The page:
We dont really discuss DV with our girls... but I will as they get older and start entering the world of relationships. I have kind of touched on the subject with dd1, but thats more friends emotionally bribing her or playing mind games with her. Thankfully she was too young to remember now what she saw between dh and I. And its not like that now.
Anyway sorry for the ramble. In answer to the original question... no I haven't really but I will.
13-02-2015 16:54 #26
You're story is very very classic of generational leanrt behaviour. I had to realise like my Mum the part of me that wanted to help people was the part that was getting me into abusive situations. Once you enter into a relationship with an abusive person it's very very difficult to leave especially because your personality type as a fixer is driven to fix and protect. I had to do a lot of re wiring for that.
You know what i lost a lot of friends the day I decided to stand up for myself and stop helping people and letting them use me. I had to say look I am the most important person in my life because if I'm not happy or sane how can I take care of my children.
A lot of the people that I have had abusive relationships with were drawn to me because I was a pacifier I made them feel better and they used me like a drug. I had to accept that there was something i was doing to make these people addicted to me and then upset when I couldn't give them their fix.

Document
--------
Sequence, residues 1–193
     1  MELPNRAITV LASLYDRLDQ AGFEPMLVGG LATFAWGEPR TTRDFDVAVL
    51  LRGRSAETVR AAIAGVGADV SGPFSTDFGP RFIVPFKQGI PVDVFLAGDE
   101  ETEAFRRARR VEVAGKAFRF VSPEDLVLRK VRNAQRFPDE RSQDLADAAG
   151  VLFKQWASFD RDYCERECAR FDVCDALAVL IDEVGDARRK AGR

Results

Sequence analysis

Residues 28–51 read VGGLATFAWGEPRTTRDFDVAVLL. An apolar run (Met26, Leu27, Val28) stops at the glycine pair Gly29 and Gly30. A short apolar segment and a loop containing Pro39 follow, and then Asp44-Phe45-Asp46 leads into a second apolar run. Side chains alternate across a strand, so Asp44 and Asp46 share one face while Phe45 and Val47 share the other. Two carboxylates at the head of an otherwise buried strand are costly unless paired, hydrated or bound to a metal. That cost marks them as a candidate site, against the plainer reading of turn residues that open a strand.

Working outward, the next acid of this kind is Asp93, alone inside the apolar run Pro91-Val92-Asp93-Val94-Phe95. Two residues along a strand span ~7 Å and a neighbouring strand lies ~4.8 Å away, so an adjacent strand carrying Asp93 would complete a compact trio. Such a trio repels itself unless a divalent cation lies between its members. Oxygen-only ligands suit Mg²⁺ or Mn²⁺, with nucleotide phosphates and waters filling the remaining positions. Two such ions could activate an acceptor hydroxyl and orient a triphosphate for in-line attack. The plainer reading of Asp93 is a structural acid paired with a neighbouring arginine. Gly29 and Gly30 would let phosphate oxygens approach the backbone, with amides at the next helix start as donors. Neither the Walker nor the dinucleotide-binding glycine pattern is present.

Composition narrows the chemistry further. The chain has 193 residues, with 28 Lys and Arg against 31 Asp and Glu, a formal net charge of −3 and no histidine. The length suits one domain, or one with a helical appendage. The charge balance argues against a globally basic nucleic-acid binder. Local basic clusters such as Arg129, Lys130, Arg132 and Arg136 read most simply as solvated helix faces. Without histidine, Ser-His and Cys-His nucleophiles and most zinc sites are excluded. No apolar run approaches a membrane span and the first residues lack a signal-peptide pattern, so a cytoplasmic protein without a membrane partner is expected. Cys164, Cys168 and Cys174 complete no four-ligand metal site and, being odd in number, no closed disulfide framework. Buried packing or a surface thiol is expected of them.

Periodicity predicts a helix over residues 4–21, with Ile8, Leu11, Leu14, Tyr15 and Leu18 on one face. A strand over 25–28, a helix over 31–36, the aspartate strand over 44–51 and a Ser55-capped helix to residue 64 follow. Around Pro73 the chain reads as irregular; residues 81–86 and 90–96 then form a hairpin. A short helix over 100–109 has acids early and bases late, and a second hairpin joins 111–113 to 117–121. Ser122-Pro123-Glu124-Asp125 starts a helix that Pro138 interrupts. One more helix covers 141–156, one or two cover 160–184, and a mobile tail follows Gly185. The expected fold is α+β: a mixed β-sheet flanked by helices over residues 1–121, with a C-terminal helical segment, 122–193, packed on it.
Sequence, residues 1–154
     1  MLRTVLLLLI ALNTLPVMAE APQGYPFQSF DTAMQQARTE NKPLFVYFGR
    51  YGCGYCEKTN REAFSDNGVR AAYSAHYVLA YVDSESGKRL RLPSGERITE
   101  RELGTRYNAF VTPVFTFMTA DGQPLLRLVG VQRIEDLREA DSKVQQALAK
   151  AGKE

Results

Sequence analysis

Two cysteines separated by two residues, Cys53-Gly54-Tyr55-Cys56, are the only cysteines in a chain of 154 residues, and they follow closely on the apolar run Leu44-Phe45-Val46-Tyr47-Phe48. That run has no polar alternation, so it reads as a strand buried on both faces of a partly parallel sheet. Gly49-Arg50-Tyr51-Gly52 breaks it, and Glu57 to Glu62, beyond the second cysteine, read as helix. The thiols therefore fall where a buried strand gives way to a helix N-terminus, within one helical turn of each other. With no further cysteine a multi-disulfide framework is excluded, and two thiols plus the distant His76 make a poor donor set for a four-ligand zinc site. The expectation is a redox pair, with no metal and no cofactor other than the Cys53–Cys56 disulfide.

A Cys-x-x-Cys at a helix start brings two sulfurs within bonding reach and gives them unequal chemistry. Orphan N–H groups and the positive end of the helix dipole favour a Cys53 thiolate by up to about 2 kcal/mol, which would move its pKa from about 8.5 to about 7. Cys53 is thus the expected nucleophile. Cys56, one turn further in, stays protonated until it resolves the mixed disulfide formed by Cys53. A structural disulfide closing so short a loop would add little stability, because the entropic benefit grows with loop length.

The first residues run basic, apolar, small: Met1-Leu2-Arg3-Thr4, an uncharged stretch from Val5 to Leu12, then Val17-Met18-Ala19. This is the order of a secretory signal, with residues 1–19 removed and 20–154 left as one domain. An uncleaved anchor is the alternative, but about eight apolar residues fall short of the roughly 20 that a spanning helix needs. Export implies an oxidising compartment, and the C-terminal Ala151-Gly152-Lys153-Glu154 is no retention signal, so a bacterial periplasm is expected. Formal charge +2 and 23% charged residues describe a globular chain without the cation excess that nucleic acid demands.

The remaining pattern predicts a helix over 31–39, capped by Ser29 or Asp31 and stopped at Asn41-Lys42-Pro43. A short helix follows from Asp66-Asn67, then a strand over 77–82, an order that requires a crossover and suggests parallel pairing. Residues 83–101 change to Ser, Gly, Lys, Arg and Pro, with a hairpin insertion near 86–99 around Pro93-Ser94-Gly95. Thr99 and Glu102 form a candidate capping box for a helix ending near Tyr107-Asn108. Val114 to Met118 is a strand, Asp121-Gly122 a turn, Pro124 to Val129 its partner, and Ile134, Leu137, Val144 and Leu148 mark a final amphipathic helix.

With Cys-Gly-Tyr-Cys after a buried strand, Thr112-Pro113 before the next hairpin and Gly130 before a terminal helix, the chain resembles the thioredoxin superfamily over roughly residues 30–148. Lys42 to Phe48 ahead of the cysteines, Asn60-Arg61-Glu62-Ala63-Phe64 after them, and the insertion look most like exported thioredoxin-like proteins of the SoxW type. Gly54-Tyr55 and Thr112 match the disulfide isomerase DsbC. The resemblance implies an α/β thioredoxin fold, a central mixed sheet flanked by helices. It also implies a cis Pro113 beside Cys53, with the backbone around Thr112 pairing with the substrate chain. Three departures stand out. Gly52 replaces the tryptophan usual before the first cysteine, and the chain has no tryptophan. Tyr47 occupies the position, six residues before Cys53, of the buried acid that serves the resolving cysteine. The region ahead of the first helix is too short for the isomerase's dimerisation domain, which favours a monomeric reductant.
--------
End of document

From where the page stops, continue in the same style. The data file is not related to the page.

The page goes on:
I've worked a lot on assertiveness in the last year and it wasn't easy. My natural reaction is to put others first like a martyr because my Mum did the same. I had to recognise it was that behaviour my own that was so self destructive.
When I came out the other side of my relationship I felt the other side of the coin and what it felt like to be the person needing to be rescued. I had many "fixer" type people try to help me to win my affection and it felt suffocating and wrong and I felt angry and frustrated constantly involuntarily out of control. It was then I realised how my fixing had created my abusive situations. Some people are beyond fixing and you've got to let go of it being your responsibility and put yourself first.